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Glad all ended well. And you got to skip your coffee that morning I bet?
 

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Here in North Texas (Sherman area) deer have never been a problem but there are a few deer crossing signs about.
Congrats on your good fortune. Deer are so thick around here, year round, tend to forget some areas are not the same. As you have stated, trying to out quess em is pretty tricky. One thing I have learned over the years is that if you see one, there are likely to be more around. :)
 

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i grew up in northern wisconsin so I am always looking for deer even down here in new mexico even though its not likley. but sometimes up in the mountains i see em.
 

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Hi, I don't know Hough, but he is right. Force and weight directed forward, inertia, and terminal contact all point the residual effects forward , for the most part.... ahead of your path of travel along in a straight line....

Most of you know about my contact with wildlife a few weeks ago. I came around a corner, and in the apex of, saw two deer enter the roadway. I had two maybe three seconds to straighten the bike, look for egress, and make a decision, and slow the bike. thank God I didn't connect with the Large 4 pt! and only the 'little' guy....say, 100 lbs.

I took it straight in, he was looking backwards like he might return, but lept out after the big guy.... and Smashola ... right into my grill. The process is a good one, and makes sense if you can get the weight of the deer near the triple clamps, and the front of the bike frame. Which is what happened as he was in the middle of his last leap.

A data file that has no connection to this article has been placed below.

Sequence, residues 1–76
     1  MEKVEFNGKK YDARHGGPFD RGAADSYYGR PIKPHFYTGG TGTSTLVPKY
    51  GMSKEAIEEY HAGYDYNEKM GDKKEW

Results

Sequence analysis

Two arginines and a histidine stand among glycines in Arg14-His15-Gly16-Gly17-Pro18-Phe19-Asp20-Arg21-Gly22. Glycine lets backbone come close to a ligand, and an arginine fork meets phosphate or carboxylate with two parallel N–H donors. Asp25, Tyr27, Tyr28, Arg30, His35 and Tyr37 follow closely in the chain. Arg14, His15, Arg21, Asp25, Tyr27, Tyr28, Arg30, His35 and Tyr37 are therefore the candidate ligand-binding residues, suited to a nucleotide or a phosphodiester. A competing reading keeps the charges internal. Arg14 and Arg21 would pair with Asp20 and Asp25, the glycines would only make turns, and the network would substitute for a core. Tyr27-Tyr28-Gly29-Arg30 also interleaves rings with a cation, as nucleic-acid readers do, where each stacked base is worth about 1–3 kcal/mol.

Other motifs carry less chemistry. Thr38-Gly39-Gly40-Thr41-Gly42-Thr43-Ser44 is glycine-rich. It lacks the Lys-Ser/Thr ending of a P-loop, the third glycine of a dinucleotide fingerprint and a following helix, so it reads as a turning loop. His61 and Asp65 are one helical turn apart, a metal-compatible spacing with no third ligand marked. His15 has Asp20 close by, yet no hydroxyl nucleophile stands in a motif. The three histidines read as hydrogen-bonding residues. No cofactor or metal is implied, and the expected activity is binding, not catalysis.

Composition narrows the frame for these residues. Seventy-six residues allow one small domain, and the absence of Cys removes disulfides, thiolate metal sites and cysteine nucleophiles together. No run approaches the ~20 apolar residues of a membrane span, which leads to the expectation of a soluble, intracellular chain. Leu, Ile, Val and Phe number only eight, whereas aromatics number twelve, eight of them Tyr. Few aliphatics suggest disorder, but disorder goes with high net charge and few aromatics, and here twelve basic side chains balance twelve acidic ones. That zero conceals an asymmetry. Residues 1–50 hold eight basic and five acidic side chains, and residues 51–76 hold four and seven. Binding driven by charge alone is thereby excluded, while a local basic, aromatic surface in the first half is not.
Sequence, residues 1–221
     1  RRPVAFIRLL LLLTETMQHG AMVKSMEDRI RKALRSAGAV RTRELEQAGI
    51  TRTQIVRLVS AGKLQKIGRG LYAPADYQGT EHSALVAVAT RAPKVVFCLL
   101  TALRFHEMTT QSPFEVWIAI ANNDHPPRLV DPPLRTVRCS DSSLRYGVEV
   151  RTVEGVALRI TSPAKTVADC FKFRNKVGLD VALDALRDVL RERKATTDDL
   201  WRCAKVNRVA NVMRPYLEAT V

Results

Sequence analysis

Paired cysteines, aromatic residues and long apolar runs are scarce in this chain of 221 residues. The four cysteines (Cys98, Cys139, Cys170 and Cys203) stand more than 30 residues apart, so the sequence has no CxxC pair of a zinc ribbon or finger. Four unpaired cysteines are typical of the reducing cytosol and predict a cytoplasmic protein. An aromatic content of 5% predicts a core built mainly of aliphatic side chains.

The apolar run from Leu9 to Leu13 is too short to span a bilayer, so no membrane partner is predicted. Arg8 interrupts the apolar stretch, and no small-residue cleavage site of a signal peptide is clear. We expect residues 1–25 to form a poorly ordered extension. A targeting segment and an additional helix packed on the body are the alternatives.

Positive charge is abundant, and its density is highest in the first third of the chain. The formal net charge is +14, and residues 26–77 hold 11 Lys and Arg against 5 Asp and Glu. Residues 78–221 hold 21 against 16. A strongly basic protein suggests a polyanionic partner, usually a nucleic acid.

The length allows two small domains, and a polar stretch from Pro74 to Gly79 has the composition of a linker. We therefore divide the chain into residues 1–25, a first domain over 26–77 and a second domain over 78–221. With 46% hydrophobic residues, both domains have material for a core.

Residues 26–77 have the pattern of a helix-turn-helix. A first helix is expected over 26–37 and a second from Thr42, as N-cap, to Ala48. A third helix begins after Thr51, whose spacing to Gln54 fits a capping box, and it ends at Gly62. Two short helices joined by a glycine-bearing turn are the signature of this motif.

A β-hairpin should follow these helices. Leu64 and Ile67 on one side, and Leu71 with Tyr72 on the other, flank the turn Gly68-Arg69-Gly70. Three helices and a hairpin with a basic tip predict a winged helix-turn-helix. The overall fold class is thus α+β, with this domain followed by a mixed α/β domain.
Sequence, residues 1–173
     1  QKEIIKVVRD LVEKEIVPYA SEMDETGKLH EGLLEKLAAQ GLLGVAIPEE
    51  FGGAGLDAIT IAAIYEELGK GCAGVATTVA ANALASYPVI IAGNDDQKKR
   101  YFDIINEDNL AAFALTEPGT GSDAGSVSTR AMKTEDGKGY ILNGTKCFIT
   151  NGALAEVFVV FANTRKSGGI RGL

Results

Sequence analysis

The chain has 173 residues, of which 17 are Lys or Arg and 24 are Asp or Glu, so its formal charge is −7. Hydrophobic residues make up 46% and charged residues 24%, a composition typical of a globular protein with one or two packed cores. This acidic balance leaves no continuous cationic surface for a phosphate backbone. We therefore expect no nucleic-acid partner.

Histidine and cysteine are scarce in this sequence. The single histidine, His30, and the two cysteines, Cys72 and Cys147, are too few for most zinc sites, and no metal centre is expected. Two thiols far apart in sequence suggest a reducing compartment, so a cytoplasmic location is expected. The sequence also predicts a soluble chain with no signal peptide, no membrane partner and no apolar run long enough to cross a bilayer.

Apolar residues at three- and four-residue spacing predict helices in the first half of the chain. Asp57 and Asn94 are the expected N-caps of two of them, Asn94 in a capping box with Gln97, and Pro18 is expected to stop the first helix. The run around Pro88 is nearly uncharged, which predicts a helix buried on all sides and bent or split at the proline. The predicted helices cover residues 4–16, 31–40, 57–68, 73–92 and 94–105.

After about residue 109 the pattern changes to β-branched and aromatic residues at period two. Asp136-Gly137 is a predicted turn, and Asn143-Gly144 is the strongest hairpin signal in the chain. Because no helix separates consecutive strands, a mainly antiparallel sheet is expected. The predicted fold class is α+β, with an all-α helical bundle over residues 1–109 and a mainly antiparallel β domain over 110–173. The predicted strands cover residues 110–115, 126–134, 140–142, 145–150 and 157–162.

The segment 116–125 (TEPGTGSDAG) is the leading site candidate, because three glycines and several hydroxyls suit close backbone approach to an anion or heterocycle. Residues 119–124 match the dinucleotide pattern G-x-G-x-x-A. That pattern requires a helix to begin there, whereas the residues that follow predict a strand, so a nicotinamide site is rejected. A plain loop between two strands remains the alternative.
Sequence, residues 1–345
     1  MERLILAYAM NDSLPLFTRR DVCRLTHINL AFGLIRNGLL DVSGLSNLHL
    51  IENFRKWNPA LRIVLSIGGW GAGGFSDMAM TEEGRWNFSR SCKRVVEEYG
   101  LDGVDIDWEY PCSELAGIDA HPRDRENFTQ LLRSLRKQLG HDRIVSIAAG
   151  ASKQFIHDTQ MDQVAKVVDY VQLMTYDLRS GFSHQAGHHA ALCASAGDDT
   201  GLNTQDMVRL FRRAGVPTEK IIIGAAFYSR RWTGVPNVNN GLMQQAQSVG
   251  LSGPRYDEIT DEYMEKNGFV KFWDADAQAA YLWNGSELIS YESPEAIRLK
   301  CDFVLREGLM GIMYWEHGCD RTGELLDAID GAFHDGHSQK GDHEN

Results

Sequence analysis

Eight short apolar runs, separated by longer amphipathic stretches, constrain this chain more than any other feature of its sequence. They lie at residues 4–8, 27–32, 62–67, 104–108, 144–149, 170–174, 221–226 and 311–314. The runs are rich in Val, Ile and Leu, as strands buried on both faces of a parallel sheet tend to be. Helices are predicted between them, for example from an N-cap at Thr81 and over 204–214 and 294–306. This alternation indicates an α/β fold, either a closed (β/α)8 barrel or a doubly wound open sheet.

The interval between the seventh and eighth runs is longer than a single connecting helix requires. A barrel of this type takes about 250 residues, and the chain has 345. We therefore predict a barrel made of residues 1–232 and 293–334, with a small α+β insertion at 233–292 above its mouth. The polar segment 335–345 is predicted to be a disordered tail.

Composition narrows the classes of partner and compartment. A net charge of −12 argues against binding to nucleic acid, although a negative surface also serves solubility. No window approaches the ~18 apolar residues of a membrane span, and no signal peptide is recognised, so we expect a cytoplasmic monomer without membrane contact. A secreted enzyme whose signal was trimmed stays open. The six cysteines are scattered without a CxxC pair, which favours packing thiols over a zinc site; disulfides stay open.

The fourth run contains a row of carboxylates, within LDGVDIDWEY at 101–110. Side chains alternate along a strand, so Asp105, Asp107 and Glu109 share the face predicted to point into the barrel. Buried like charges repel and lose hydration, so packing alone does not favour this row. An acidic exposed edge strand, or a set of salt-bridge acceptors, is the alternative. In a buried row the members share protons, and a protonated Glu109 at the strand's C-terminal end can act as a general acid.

Hit him at 40... not 50 like I seem to remember. Still pretty frightening.

The only thing I can say is that protection made 80% recovery possible. Good riding gear is the rest of this equation.

----and I'm getting two bloody deer whistles for the next one....----

So, I too had a premonition or 'druthers' about that particular route, as it was near dusk.... and deer are active all night, and early/mid am. then at or near dusk.... Anyway it shakes out, its a good thing to discuss, and share points on right?

chris
 

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For what it's worth, here are a couple of articles discussing deer whistles.

http://advance.uconn.edu/2002/021118/02111812.htm

http://cru.cahe.wsu.edu/cepublications/eb1677/eb1677.html

I don't know if they work or not, but even though they don't cost much, I don't use them. They certainly can't hurt anything, I guess.

Well, That subject did cross my discussions with others more than once, each without conclusions pro. I sense that they may not work too, but am willing to try ANYTHING to thwart the dumb rodents next time. And, to add to your link info, they don't start working till you hit 30 mph anyway. I was wondering about the range of frequency that they would actually respond to, and was also curious as to if these 'whistles' would call in the dogs instead? -- That would be , in effect, like acting like the pied piper and garnish the perpetual presence of all dogs within my direct line of travel....Yikes.

A friend told me that he used to drive down deer laden roads at night, all the while blasting his rock music as loud as possible... with the windows rolled down and he said that the deer spooked away from him. He might be on to something but I wonder if this could really work?... if so, we could be putting on speaker horns and piping mp3's through it. lol

...thoughts?

I just had another one.... what if we could get something like a scream box like they used on Corsairs in WW2? Do they make anything like this?